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Lesson Plan

Using Collaborative Reasoning to Support Critical Thinking

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Using Collaborative Reasoning to Support Critical Thinking

Grades 3 – 5
Estimated Time Four 50-minute Sessions
Lesson Author

Rebekah Kane

Carlock, Illinois

Publisher

National Council of Teachers of English

 

Overview

Featured Resources

From Theory to Practice

 

OVERVIEW

Designed as a starting point to build trust and respect, as well as to encourage and support conversations that evoke emotion and change, this lesson will invite students to participate in small group Collaborative Reasoning about issues of social justice and diversity. Students will read articles and answer questions that spur them to think critically about issues and discuss with others, using evidence and experiences to support their personal beliefs. Each group will create an online Persuasion Map to share whole class.

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FEATURED RESOURCES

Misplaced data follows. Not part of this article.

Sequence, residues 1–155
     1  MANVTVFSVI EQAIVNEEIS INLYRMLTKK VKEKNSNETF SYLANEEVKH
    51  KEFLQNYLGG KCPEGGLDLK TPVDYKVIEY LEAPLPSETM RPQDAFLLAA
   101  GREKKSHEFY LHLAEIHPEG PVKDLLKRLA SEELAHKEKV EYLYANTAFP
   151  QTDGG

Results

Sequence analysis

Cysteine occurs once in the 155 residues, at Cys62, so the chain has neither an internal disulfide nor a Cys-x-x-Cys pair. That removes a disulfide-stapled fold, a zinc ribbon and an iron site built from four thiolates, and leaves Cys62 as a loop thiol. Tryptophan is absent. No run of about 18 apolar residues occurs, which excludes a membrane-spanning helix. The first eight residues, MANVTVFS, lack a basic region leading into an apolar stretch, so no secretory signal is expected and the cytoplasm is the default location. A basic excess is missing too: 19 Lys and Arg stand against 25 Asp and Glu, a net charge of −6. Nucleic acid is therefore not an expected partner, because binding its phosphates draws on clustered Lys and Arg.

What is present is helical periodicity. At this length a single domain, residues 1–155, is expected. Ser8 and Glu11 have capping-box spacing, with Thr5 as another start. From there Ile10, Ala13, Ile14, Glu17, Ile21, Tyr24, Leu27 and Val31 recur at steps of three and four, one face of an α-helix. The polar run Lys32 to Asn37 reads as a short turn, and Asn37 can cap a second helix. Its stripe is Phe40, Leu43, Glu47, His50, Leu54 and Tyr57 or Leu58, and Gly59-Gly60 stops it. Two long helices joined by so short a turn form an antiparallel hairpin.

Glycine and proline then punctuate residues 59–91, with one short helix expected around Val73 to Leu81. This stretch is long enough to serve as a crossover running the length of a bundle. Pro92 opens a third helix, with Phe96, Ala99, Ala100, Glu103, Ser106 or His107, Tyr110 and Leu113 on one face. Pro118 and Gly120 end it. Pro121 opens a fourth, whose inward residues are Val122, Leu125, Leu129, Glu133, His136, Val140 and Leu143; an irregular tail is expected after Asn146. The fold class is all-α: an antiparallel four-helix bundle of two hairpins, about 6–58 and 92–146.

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FROM THEORY TO PRACTICE

Zhang & Doughtery Stahl (2011) state that “Collaborative Reasoning (CR) effectively provides a forum for extended meaningful communication and promotes language development and thinking skills of all students” (257). Collaborative Reasoning is peer-led with students managing their own discussions and having control over what they say within small groups, which increases personal engagement. The purpose of using this model is for students to “cooperatively search for resolutions and develop thoughtful opinions about the topic” (257). Collaborative Reasoning works well with all kinds of students, no matter their gender, race, socioeconomic status, or other domains of diversity.

Zhang, Jie, and Katherine A. Doughtery Stahl. “Collaborative Reasoning: Language-Rich Discussions for English Learners.” The Reading Teacher 65.4 (2011): 257-260. Print.

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